Vagabond Opera Performing a mixture of swing, tango, hot jazz and Ukranian folk, Portland’s Vagabond Opera is a 1920s European cabaret act stuck in the 21st century. It’s hard to pin these guys down, considering how many genres they have mastered and that they’ve shared stages with everyone from indie eggheads the Decemberists to comedian Al Franken, but suffice to say, their performance at Zoey’s Café on March 28 is going to be a rare experience this county has not likely seen for a while.

Blue Oyster Cult It isn’t often that a band achieves immortality through a Saturday Night Live sketch, but Blue Oyster Cult did just that, with the help of Will Ferrell as a bearded, over-enthusiastic cowbell player bashing his way through the group’s 1976 hit “(Don’t Fear) The Reaper.” Long before being affectionately lampooned on NBC, Blue Oyster Cult carved out a niche for itself in the world of rock, playing melodic, heavy and intelligent proto-metal anthems. Maybe not surprising given their literary bent, the band members were mostly critics who formed on the campus of Stony Brook College in Long Island in the late ’60s. While they never matched the success of “Reaper” and never reached the commercial stratosphere of some of their peers, BOC remains a vital riff-monster to this day, thanks to stamps of approval from their modern metal descendents, such as Metallica. And, of course, because of the cowbell. Got a fever? Cure it at the Canyon Club on March 23.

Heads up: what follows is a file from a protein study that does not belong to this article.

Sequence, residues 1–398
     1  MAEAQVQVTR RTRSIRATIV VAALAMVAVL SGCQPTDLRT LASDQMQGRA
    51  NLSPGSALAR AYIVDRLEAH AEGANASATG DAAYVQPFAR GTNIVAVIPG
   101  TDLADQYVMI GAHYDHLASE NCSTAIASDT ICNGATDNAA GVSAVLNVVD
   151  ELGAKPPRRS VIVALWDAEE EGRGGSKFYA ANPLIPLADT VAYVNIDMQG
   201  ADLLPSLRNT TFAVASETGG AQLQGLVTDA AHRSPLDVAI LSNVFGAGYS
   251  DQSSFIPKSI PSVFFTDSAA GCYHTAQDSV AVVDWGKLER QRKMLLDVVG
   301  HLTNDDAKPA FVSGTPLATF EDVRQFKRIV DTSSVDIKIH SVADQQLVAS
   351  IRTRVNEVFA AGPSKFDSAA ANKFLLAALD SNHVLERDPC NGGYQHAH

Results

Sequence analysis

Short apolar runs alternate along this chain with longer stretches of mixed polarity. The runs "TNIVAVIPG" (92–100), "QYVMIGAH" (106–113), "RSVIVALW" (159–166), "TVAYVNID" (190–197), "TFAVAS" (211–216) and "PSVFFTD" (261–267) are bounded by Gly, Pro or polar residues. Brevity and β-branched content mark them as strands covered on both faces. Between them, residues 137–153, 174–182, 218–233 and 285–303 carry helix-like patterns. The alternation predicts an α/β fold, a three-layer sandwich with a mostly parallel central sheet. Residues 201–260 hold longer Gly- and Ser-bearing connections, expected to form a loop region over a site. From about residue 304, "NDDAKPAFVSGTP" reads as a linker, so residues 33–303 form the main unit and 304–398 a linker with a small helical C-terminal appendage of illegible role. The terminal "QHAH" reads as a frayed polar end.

TIMMY CURRAN A headline about Timmy Curran appearing in any Ventura County publication could read: LOCAL BOY DOES GOOD. Curran was born in Oxnard, in the beach community of Silver Strand to be exact, and at age 18 was voted “Most Favorite Surfer” in an international poll of surfing aficionados. A few years later, he was ranked sixth in the world. As tremendous as his accomplishments on a surfboard are, however, Curran has always wanted to do more. He began playing guitar at 13 and writing songs at 16, but it wasn’t until he was in his mid-20s that he finally gathered up the courage to perform them for other people. After being encouraged by his wife and brothers, Curran used his clout as a pro surfer to release an EP on indie imprint Record Collection. Citsusca dropped last year and was a hit among fans of that other surfer-turned-musician, Jack Johnson. After that, he scored a gig opening for the Foo Fighters in Australia. Now on the even-more-indie label Foe, Curran’s anxiously awaited debut full-length is slated for release later this year. And after all this, he still finds time to make it back home. Curran performs at Zoey’s Café on March 21.